“When I first came to New York, it was to join a band called Dreams. It featured both Michael and Randy Brecker, Billy Cobham on drums, Don Grolnick on keys and Bob Mann on guitar. These guys are giants in the New York music-making world.
“I was coming to replace another bass player, and lucky for me I’d never heard of the guy, ‘cause his name was Chuck Rainey. I came in from Miami, this cocky kid – ‘Sure, I’ll replace anybody. I’m that good!’ Had I known, I wouldn’t have come up. In this case, my ignorance was truly bliss in this situation.
“I ended up getting the gig, so I’m all secure – yeah, I’m a badass, blah blah blah. I’m staying at Michael Brecker’s house ‘cause I didn’t have my own apartment yet. He would listen to this station called WLIB – they played all the great soul music. So I’m in the kitchen listening to the radio. Mike’s in the other room practicing, which he does 24 hours a day; I’m eating, which I do 24 hours a day. This Roberta Flack song Reverend Lee comes on the radio, and it’s, like, all bass. It was unbelievable.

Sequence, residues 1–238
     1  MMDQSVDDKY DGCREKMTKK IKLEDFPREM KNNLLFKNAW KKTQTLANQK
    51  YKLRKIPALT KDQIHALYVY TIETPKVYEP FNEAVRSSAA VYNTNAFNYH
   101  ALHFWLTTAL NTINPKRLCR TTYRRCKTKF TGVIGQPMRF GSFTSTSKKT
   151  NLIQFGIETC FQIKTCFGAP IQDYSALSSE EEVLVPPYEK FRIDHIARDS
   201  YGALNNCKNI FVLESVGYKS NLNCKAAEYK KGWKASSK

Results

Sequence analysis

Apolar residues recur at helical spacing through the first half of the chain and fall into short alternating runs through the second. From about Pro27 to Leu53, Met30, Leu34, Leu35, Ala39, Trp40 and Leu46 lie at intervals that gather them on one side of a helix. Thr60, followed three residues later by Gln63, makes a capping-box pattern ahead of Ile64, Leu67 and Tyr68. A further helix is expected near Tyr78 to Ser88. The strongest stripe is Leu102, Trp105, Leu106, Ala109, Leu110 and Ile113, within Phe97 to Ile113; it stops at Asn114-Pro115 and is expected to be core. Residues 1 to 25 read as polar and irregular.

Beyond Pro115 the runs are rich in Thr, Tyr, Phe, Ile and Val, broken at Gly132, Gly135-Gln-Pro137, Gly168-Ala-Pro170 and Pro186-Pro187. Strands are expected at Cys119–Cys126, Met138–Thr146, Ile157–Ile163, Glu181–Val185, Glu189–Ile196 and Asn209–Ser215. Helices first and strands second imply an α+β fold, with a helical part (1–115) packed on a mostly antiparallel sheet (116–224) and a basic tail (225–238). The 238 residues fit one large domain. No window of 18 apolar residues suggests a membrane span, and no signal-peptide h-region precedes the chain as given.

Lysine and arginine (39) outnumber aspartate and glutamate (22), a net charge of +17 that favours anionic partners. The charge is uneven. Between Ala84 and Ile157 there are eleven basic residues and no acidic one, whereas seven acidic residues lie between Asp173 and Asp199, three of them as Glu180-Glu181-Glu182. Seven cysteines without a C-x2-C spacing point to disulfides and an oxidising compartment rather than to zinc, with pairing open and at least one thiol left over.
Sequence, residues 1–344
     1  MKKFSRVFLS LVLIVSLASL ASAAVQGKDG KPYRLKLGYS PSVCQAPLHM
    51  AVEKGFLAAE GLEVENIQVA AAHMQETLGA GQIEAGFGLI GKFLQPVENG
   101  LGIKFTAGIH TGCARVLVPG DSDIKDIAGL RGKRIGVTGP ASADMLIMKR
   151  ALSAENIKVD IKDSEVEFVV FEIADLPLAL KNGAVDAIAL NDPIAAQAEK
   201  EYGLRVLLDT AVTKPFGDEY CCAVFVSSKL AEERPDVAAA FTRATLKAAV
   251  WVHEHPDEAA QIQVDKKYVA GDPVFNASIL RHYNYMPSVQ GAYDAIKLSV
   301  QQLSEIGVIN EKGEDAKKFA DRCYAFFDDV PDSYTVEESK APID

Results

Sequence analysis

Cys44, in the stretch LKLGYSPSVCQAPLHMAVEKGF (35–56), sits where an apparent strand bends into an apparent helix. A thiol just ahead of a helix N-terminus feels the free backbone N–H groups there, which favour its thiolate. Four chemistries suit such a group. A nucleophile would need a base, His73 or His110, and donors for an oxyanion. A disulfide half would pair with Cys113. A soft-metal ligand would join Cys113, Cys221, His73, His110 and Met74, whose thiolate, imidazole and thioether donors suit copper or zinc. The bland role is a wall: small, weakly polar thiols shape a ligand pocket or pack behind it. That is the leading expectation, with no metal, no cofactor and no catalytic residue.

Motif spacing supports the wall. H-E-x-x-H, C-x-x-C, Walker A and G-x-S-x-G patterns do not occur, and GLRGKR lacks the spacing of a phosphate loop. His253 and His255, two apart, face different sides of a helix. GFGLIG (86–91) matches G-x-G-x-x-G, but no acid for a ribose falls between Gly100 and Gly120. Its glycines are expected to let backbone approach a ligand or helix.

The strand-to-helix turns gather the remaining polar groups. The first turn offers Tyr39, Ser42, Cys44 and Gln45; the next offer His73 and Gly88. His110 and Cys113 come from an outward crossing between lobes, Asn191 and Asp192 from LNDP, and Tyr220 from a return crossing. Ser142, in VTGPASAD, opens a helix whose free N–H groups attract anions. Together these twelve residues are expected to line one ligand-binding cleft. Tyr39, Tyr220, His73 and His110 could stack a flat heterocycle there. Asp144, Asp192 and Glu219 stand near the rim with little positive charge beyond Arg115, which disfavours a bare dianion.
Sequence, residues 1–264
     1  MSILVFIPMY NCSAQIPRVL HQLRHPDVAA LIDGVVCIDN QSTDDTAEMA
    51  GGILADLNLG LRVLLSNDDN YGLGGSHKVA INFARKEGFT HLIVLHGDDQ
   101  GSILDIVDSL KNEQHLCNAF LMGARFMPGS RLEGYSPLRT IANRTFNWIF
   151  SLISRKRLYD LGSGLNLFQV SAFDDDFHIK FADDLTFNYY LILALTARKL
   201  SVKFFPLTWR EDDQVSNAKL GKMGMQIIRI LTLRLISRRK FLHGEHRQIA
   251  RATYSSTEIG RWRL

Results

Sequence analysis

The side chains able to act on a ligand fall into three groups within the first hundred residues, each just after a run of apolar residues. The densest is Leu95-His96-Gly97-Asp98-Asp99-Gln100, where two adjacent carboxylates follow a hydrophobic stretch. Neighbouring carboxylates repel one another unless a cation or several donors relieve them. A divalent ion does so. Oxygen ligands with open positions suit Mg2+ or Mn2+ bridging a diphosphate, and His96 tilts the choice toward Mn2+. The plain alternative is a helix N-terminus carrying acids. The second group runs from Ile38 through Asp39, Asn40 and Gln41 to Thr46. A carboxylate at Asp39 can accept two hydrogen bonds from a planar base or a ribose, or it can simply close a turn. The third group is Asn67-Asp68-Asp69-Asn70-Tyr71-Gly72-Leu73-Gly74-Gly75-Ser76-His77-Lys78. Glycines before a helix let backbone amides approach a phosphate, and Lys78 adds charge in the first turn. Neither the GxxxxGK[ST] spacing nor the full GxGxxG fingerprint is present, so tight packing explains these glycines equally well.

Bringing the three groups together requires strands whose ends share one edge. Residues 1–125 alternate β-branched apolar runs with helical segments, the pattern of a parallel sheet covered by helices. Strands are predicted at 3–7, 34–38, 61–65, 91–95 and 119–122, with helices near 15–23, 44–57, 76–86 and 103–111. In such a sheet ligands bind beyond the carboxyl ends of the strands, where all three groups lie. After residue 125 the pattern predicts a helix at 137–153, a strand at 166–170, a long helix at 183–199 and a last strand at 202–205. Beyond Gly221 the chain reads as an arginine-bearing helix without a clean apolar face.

“I called out to Michael, and he said, ‘Oh, yeah, that’s Chuck... the guy you replaced.’ ‘What?!... What am I doing here?’ I never heard anything like what Chuck was doing. He was innovating, playing all of these harmonic things in the key of A that I’ve used on hundreds of tracks since, but at the time it was all new to me. I wanted to be a studio guy, and Chuck showed you what you could do and still not get fired.
“This song is off Roberta’s album Chapter Two, which I promptly bought. And after that, I would buy anything that had Chuck’s credit listed. I got everything. But it was that first song, Reverend Lee, that blows me away.”